What role should racial difference play in the American workplace? As a nation, we rely on civil rights law to address this question, and the monumental Civil Rights Act of 1964 seemingly answered it: race must not be a factor in workplace decisions. In After Civil Rights, John Skrentny contends that after decades of mass immigration, many employers, Democratic and Republican political leaders, and advocates have adopted a new strategy to manage race and work. Race is now relevant not only in negative cases of discrimination, but in more positive ways as well. In today's workplace, employers routinely practice "racial realism," where they view race as real--as a job qualification. Many believe employee racial differences, and sometimes immigrant status, correspond to unique abilities or evoke desirable reactions from clients or citizens. They also see racial diversity as a way to increase workplace dynamism. The problem is that when employers see race as useful for organizational effectiveness, they are often in violation of civil rights law.
After Civil Rights examines this emerging strategy in a wide range of employment situations, including the low-skilled sector, professional and white-collar jobs, and entertainment and media. In this important book, Skrentny urges us to acknowledge the racial realism already occurring, and lays out a series of reforms that, if enacted, would bring the law and lived experience more in line, yet still remain respectful of the need to protect the civil rights of all workers.
John D. Skrentny is professor of sociology and director of the Center for Comparative Immigration Studies at the University of California, San Diego. His books include The Minority Rights Revolution and The Ironies of Affirmative Action: Politics, Culture, and Justice in America.
"After Civil Rights makes a compelling case for the pervasiveness of race-conscious employment practices."--Glenn Altschuler, Florida Courier
"John Skrentny, Professor of Sociology and Co-Director of the Center for Comparative Immigration Studies at UC-San Diego, gives readers a well-researched, thoroughly documented and provocative work, presenting his theory for how employers view race in the workplace in the USA. . . . Skrentny's chapter on racial realism, and its corollary, immigrant realism, in the low-wage workplace, is one I wish I had written. . . . His account of how the law works in practice and on the ground is a great read for those interested in legal studies, history, political science, sociology or civil rights."--Leticia Saucedo, LSE Review of Books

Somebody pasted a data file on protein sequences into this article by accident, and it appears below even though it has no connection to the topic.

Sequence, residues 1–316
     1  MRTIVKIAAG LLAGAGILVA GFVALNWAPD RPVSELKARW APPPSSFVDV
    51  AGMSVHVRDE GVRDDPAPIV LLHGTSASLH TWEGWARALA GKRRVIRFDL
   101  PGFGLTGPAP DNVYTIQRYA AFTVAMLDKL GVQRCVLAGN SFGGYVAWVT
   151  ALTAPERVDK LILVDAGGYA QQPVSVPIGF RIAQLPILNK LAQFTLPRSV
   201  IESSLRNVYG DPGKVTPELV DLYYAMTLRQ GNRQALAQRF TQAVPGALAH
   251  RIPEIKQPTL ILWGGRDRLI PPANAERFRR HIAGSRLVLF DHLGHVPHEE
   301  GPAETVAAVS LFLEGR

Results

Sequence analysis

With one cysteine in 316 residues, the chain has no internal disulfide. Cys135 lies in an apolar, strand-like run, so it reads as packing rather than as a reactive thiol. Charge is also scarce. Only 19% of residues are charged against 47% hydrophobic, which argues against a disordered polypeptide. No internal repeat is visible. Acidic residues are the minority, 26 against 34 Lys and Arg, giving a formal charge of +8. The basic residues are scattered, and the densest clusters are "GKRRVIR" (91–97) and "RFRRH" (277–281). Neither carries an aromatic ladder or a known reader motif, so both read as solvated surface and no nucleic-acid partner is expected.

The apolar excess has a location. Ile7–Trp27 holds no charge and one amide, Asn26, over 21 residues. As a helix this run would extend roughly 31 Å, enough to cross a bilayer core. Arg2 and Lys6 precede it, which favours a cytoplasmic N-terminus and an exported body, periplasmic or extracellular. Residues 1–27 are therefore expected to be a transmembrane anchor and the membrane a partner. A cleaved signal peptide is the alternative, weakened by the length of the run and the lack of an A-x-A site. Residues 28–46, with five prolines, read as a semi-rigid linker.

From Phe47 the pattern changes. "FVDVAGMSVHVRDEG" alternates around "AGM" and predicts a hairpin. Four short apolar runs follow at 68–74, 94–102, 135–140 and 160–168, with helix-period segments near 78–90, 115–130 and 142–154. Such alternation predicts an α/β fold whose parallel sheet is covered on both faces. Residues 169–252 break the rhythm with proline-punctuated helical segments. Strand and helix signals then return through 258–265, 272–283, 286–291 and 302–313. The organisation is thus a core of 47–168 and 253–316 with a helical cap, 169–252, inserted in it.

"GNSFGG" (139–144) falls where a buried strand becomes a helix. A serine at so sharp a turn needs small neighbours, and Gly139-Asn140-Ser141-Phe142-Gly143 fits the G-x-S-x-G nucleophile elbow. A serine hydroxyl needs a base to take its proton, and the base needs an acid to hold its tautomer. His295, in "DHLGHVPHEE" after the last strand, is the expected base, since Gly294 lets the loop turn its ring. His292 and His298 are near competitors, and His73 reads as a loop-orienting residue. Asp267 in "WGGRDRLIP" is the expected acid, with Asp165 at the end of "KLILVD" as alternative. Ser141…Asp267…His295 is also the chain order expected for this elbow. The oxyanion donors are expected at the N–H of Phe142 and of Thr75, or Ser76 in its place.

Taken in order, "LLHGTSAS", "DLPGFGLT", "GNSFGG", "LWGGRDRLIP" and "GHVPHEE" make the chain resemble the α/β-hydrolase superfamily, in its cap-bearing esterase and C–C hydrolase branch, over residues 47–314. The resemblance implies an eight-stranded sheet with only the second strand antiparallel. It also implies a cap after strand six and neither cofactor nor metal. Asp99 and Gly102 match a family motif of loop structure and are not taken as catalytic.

"If you want to explore deeper social policy, it is worth a read."--Barry H. Dyller, Trial
"With the book’s over 1,300 notes, scores of case law findings, and dozens of studies on race and labor market outcomes, it is impossible not to be impressed by Skrentny’s erudition, research prowess, and deft ability to link multiple academic disciplines under one driving question. . . . If you are a race, labor, immigration, or legal scholar you should absolutely read this book. You will never think about Title VII or the intersection of race and employment decisions in the same way again."--Charles A. Gallagher, American Journal of Sociology
"Skrentny shows that in many sectors of the labor market, race is used in ways that were unanticipated when the 1964 Civil Rights Act was enacted. . . . [His] account of racial realism in the low-skilled sector is chilling."--Kevin Lang, Journal of Economic Literature
"This book skillfully presents comprehensive empirical research and is written in a conversational style accessible to a wide audience."--Nigel Carter, Transfer
Table of Contents:
List of Figures and Tables ix
Chapter 1 Managing Race in the American Workplace 1
Chapter 2 Leverage Racial Realism in the Professions and Business 38
Chapter 3 We the People Racial Realism in Politics and Government 89
Chapter 4 Displaying Race for Dollars Racial Realism in Media and Entertainment 153
Chapter 5 The Jungle Revisited? Racial Realism in the Low-Skilled Sector 216
Chapter 6 Bringing Practice, Law, and Values Together 265